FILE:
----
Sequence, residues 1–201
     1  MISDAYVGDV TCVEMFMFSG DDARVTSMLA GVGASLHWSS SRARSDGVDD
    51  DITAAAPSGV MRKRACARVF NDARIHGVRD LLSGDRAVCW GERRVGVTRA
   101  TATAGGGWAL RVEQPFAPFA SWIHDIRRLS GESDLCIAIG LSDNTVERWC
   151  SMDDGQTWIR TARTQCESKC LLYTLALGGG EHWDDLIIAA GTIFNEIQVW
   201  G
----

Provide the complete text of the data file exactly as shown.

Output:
Sequence, residues 1–201
     1  MISDAYVGDV TCVEMFMFSG DDARVTSMLA GVGASLHWSS SRARSDGVDD
    51  DITAAAPSGV MRKRACARVF NDARIHGVRD LLSGDRAVCW GERRVGVTRA
   101  TATAGGGWAL RVEQPFAPFA SWIHDIRRLS GESDLCIAIG LSDNTVERWC
   151  SMDDGQTWIR TARTQCESKC LLYTLALGGG EHWDDLIIAA GTIFNEIQVW
   201  G